18th December 2013

Red, Green and Gold: The Fragrant Colours of Christmas

Fragrant Colours of Christmas

Re-Branded Signature (Thomas) copy

As I write this there are approximately four days of work left before I break up for the Christmas holidays (yes I’m being smug) and so I’m in a rather festive mood, unsurprisingly. Over the last few days my mind has been firmly set on all things yuletide and when thinking about the theme of my Escentual column this week I kept coming back to the idea of Christmas colours and the scents that capture the vibrancy and essence of these shades.

For me, Christmas is all about the perfect trifecta of red, green and gold. Whether they adorn one’s tree, dinner table or Christmas cards, these three colours are the pure essence of the festive season and they are so bold, vibrant & unmistakable that they can easily be captured in an olfactory form, and here you’ll find my favourite festive scents that embody the colours of red, green and gold.

 

Serge Lutens La Fille de Berlin

 

Red

Red is the first colour one associates with the Christmas season, due in part to the fact that the chubby bearded dude (a.k.a. Father Christmas/Santa Claus) is very well known for his spiffy red and white suit. But it’s not just Santa that rocks the red during Christmas, in fact there are many hues of the colour sported during noel, such as; holly, mulled wine and red breasted robins, to name just a few examples.

Red in perfume can mean many things; fruit and spices, for example, but the most common rouge ingredient is the rose. Roses however, aren’t particularly festive and it’s the red berries and mulled spices that truly make for a scarlet odour. La Fille de Berlin by Serge Lutens is red in colour, roses, berries and spices, making for a wine-like take on roses that is surprisingly in keeping with a crimson Christmas.

Parfum Sacré by Caron is one of my personal Christmas staples and it captures the feel of all that makes the season red, spicy and warm. Cinnamon, clove and incense cones are pulped together with a huge dose of face powder to create an olfactory pomander that feels very classic for a perfume released in the early ‘90s. Parfum Sacré is Christmas red with the slightest touch of pink – it’s the rosy red cheeks on the face of your beloved coming in from the cold.

 

Comme des Garcons Amazingreen

 

Green

No colour is more instantly Christmassy than green – it is the hue associated with Christmas Trees, elves and festive wreaths, and Christmas wouldn’t be Christmas without a good spattering of green. The problem however, is that green fragrances can be troublesome and very few capture the joy and wonder of yuletide-themed greenery.

One that does is Fille en Aiguilles by Serge Lutens (loosely translates as ‘Girl and Needles’) and taking the name into consideration it is, rather unsurprisingly,a pine scent. Of course, nothing is straightforward in the world of Serge Lutens and his ode to pine needles isn’t a photorealistic interpretation of the Christmas tree, instead it smells something more akin to candied pinecones and incense – a festive alternative to pot pourri, perhaps?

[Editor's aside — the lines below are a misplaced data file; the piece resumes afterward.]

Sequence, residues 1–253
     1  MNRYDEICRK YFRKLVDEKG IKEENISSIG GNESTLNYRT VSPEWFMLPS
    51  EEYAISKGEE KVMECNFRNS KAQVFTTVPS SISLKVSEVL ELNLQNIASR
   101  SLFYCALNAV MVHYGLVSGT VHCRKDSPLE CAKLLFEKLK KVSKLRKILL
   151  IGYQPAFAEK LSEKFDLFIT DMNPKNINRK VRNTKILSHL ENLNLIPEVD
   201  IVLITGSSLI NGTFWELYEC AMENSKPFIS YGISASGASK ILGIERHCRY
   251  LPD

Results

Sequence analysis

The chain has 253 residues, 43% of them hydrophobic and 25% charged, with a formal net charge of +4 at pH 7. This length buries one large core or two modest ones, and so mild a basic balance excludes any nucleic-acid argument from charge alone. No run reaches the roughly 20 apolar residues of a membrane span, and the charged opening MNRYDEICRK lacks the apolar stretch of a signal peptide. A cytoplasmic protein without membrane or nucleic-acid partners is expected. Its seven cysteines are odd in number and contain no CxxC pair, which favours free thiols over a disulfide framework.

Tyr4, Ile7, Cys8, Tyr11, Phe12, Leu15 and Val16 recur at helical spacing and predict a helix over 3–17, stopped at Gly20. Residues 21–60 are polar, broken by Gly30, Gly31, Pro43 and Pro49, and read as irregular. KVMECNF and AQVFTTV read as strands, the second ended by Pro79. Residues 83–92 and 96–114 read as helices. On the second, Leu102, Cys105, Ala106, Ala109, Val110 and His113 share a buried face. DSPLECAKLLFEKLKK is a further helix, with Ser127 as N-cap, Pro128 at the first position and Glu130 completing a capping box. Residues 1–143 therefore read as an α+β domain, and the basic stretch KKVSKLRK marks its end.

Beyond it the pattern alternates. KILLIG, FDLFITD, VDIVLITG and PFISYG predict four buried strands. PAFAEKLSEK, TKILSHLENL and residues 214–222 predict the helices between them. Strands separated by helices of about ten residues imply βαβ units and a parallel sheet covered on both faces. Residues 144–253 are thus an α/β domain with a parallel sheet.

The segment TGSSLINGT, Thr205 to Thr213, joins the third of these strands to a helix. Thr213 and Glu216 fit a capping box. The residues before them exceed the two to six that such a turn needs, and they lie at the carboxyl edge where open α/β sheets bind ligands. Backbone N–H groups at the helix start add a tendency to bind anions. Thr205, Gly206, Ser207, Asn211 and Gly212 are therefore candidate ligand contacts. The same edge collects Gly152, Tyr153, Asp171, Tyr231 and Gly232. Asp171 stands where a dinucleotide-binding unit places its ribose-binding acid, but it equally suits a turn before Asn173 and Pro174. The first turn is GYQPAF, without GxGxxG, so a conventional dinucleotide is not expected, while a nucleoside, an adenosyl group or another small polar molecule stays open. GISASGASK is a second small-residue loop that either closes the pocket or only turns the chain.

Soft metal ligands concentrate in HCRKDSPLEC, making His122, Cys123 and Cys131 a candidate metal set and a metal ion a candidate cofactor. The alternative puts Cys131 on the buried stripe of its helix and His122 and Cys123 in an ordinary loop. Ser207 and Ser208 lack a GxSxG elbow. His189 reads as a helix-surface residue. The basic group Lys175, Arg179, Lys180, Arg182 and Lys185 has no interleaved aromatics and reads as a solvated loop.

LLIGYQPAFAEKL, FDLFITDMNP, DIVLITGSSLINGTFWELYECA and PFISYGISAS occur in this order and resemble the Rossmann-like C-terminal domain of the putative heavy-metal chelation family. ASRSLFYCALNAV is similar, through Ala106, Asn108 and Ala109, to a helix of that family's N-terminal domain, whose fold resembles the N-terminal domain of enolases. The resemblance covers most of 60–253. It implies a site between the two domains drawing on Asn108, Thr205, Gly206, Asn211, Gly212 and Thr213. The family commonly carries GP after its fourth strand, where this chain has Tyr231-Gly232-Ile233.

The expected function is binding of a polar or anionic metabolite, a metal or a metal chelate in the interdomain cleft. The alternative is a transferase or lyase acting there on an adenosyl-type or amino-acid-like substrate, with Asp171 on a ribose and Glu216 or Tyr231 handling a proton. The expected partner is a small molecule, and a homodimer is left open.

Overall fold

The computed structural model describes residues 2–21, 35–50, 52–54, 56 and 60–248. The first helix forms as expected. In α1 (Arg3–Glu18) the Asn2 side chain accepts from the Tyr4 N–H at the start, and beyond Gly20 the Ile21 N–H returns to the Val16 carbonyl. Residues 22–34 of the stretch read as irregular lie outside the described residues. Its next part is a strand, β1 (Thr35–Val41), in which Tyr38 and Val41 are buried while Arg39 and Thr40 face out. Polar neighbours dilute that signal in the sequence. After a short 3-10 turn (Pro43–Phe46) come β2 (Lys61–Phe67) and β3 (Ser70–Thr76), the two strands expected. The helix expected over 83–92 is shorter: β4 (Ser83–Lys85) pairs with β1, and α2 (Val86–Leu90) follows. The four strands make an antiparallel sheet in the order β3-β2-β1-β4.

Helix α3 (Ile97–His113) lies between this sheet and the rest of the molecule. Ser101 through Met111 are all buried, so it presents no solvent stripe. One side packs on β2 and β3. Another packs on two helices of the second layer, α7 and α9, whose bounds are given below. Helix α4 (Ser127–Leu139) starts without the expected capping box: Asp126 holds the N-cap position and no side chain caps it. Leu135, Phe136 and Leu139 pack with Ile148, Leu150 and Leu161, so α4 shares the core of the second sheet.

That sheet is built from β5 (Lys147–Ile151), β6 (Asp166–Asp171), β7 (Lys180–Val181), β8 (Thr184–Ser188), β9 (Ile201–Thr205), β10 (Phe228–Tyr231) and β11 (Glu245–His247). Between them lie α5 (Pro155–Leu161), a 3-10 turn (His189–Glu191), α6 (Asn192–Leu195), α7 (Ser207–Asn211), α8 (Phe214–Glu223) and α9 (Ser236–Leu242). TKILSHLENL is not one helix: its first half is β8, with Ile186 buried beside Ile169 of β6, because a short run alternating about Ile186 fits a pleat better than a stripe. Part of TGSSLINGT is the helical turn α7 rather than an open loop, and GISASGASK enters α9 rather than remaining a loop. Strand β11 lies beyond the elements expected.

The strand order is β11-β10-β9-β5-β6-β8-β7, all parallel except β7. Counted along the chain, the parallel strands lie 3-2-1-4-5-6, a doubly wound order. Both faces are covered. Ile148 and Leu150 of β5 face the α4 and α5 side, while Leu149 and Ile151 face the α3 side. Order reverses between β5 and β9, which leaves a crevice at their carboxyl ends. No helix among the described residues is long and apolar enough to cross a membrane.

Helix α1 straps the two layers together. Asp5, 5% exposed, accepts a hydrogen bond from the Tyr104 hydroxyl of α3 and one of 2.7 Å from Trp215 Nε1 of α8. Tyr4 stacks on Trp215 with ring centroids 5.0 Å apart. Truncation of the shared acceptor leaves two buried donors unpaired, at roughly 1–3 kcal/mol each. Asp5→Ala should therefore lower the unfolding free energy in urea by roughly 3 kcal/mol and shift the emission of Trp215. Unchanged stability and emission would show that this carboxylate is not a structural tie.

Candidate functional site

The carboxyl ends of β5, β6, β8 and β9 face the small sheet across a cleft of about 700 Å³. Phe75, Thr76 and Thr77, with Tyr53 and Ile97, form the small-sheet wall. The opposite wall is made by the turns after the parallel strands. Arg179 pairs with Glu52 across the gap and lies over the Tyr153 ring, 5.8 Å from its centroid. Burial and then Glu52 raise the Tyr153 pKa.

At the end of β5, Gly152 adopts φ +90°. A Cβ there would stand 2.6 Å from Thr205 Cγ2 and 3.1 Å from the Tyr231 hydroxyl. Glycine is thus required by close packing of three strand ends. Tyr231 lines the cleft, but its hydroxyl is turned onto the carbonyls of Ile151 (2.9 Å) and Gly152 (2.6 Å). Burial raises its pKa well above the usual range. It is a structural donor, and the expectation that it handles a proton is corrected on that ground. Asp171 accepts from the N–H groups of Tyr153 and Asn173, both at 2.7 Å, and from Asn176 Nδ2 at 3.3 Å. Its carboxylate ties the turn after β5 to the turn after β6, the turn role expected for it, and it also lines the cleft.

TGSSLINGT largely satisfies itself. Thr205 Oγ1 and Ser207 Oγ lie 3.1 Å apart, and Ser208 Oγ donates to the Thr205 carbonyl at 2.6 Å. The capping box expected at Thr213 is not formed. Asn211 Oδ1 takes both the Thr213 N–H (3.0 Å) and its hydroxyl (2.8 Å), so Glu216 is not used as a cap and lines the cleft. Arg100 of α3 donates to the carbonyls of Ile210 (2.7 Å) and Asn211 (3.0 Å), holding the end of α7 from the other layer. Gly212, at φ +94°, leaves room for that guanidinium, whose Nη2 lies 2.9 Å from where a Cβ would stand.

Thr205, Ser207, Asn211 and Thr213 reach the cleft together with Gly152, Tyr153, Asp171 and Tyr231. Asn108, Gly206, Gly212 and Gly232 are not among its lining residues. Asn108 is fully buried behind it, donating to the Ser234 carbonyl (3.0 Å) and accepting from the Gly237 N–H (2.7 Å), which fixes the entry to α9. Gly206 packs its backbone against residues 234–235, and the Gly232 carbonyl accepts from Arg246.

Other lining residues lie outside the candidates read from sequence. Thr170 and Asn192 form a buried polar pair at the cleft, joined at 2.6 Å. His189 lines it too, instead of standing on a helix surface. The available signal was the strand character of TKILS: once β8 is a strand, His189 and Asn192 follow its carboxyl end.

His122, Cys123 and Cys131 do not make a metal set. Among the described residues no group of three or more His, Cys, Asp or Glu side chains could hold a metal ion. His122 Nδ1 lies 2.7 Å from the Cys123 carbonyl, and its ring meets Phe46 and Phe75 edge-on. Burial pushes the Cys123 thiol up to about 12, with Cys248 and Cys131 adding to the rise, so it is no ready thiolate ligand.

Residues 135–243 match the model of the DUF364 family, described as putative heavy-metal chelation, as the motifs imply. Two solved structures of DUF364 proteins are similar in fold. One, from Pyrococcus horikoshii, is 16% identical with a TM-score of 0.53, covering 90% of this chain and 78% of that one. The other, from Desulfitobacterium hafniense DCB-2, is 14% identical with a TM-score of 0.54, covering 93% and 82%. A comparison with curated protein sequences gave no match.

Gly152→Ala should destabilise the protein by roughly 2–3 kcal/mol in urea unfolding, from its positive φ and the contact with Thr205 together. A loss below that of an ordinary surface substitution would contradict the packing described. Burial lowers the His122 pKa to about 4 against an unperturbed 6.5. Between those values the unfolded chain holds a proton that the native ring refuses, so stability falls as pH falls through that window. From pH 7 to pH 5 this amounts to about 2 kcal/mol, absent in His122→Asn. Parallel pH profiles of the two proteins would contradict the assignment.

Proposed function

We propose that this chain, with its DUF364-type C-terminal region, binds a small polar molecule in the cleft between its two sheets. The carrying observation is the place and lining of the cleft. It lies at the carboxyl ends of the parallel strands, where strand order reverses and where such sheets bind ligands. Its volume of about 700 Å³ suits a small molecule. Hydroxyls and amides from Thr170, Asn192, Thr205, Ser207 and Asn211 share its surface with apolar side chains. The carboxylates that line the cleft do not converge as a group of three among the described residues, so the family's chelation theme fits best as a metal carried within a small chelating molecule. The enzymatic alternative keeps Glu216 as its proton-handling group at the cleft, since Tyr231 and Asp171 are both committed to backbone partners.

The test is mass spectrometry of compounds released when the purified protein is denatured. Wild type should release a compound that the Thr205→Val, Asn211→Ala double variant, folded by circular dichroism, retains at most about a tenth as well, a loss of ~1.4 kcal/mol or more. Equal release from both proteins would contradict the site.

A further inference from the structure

Where Fille en Aiguilles channels greenery plucked from the wild, Comme des Garçons’ Amazingreen captures the essence of the synthetic Christmas tree, perhaps due to the fact that despite its ambitious name it isn’t particularly ‘Amazing’ or even very ‘Green’. But that’s not to say that this dewy, sweet and slightly plasticky take on the most difficult of perfume colours is without interest, in fact it has a fake feel to it, almost as if it is there to represent a brand new and imagined idea of green, just like a tackily decorated tree.

 

Thierry Mugler Elien Essence Absolue

 

Gold

Gold represents the glitz and glamour of Christmas – it’s the glimmering tinsel on the tree, the gleam of expensive jewellery and the crackle of colours from the fireplace. Red and green may be the staple theme colours of the Christmas season, but gold is the colour of precious metals that truly makes the yuletide extraordinary and special.

One of my favourite Christmas scents is tinsel, a material that smells as uncomfortable as it feels, almost like hot dust off a light bulb mixed with synthetic fibres. Comme des Garçons’ 8 88 is a pretty decent interpretation of the odd yet unmistakable odour of golden tinsel, thanks to its unusual mix of warm saffron, chilly incense and zephyrous aldehydes. 8 88 really has to be smelled to be believed.

If the only gold you’ll accept at Christmas is in jewellery form then Thierry Mugler’s Alien Essence Absolue (newly launched at Escentual, FYI) is the scent for you. When I reviewed this one on my blog I hailed it as ‘The Alien Queen’ due to it being the richest and most glamorous version of Mugler’s wonderfully unique Alien. In Essence Absolue the thick jasmine syrup of the original has been blended with a touch of iris and the creamiest, most gourmand vanilla to create a perfume that is as opulent as the chunkiest golden jewellery. Alien Essence Absolue is a fragrance for those that expect to be truly spoilt at Christmas.

 

Join the Discussion

Which fragrances are your favourite takes on red, green and gold?

Shop this post

  • blaiseantoine

    i love them all but amazing green really disappointed me